Investors Behaving Badly: Loss Aversion

ETP investing removes much of the loss aversion bias from our investing choices because we are not expecting excess or under performance

Lee Davidson 19.01.2012
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In the third installment of this series on behavioural economics (read installment #1 here and #2 here), we take an in-depth look at loss aversion—specifically what it is and what can be done about it. Loss aversion can be simply stated as an individual's preference to avoid losses rather than to experience gains. If you recall our discussion last week, this should sound familiar. We labelled individuals' general preferences about gains and losses "decision weights" and said that they were functions of probabilities with certain predictable properties. Loss aversion, itself, was originally derived from a set of experiments conducted by Kahneman, Knesch and Thaler as detailed in their paper "Experimental Test of the endowment effect and the Coase Theorem" (1990, unfortunately to get the full paper you need to pay for it, but the ideas are distilled in a later work by the same authors, which is free to access here).

From the data gathered during the experiments of Kahneman et al, the trio showed that the trend in observed decision weights was i) based on deviations from a reference point, ii) exhibited concave preferences for gains and convex preferences for losses, and iii) steeper for losses than for gains. A graphical display of these properties offered by the Economics department at the University of North Carolina captures the concept with ease:

Loss aversion is evidenced by the slope of the s-shaped curve. A loss results in greater disutility than an equally-sized gain results in positive utility. Essentially, loss aversion is a tag applied by economists to describe this unusual (and irrational) s-shape--it is the intuition behind the data. Again, this graph is not hypothetical. It is a graphical display of observed human preferences towards gains and losses when faced with uncertainty. Some behavioural economists have even estimated that losses could even be twice as harmful to our utility as gains are helpful.

In the context of investing, we derive more economic utility from capital preservation than from capital appreciation. Warren Buffet's famous rules of investing apply here: "Rule #1: Don't lose money. Rule #2: Refer to Rule #1." The insight is powerful because it reveals an inherent bias we face as investors. We are hesitant to convert an unrealised loss into a realised loss. We tend to hold on to losing investments under the hope that our original investment thesis wasn't completely off base. Alternatively, we may sell our investments too hastily for fear of realising an even greater loss if the slide continues. Notice, that our view of losses and gains relate to an original reference point (usually the price at which the investment was purchased). Comparing investments to the original purchase price (a form of mental anchoring) is a dangerous cognitive bias because it inhibits us from making sound forward-looking decisions.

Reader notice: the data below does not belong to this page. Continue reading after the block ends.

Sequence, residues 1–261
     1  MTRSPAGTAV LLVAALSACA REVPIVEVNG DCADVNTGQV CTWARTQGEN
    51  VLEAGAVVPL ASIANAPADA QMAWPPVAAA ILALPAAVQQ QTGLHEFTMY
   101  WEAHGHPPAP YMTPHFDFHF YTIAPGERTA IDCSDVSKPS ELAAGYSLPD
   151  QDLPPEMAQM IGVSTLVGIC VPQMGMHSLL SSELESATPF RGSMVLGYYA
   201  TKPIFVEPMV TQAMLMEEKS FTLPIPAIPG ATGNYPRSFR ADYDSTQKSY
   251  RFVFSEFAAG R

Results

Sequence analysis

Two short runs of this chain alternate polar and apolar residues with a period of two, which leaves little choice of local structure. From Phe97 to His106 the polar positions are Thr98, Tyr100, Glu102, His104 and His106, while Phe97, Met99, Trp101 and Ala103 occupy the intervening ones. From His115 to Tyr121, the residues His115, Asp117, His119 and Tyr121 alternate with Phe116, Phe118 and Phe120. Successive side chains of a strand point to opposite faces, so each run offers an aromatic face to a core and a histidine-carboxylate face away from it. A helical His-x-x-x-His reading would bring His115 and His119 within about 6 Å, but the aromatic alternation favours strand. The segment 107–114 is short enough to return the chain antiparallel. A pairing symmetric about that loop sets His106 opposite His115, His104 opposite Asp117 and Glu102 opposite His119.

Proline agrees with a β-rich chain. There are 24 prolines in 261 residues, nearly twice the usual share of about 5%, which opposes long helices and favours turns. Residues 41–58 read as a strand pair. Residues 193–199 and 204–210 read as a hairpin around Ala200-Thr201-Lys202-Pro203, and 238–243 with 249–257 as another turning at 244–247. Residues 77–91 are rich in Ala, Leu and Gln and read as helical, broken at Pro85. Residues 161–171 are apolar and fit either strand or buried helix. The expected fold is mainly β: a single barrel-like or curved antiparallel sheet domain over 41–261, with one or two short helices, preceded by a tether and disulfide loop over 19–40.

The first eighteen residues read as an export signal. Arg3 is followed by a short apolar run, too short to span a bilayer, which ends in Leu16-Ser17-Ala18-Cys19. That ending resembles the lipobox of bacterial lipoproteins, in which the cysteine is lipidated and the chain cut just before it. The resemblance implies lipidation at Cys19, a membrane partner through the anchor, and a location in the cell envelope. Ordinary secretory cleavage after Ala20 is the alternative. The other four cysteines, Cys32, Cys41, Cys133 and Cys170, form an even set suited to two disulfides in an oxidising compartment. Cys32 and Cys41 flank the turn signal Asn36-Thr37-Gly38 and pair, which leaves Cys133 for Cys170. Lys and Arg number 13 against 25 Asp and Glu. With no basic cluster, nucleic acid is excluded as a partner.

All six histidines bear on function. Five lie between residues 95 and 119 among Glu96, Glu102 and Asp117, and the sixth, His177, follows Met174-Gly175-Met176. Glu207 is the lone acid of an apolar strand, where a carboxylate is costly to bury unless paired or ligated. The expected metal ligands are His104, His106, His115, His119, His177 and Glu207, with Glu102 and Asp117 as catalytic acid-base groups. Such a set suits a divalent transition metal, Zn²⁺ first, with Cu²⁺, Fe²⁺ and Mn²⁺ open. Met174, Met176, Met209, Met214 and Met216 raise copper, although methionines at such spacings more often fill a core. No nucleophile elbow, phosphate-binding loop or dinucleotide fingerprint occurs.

So how do we use this knowledge to help ourselves become better investors? First, it is vital to understand that the centroid in the graph above (labelled "status quo") represents the decision to choose the 'riskless' outcome we spoke about last week. For investors, this means the benchmark return or investing using an exchange-traded product, or ETP (i.e. not "risking" relative under- or outperformance). The gains and losses represent an active strategy whose aim it is to outperform but, in many cases, can result in underperformance. Loss aversion, therefore, will be at its most influential, damaging, and potent to an investor's psyche when a losing active strategy is chosen over a passive strategy.

At worst, this newfound knowledge makes the investor more self-aware and perhaps gives us pause before making spontaneous investing choices. At best, the knowledge that we are naturally prone to the loss aversion bias could motivate systematic, rational investing founded in the tenets of Prospect Theory.

If an active strategy is chosen, Prospect Theory would suggest that instead of assessing the security's value in light of its past performance compared to an our original purchase price, investors should re-engage the security anew at its current price and assess its future prospects in terms of its expected excess return over the status quo. When performing this task of critical reassessment, loss aversion rears its head and we must recognise and overcome it.

In practice, this is easier said than done. And it is for this reason that passive vehicles offer investors an advantage. Investing via tracker funds or ETPs reduces the need to reassess our thesis (as it pertains to relative performance, not the basic investment thesis) because it does not demand us to recalculate the probability of beating the market, the expected magnitude of that success, and our appetite for risk. Why? Because the ETP tracks an index which, by definition, is the market we are looking to beat. For this reason, ETP investing removes much of the loss aversion bias from our investing choices because we are not expecting and should never realise excess or under performance.

Next week we look at the endowment effect, perhaps one of the toughest biases to overcome when investing.


Lee Davidson is an ETF analyst with Morningstar.

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Lee Davidson

Lee Davidson  is Head of Manager and Quantitative Research at Morningstar.

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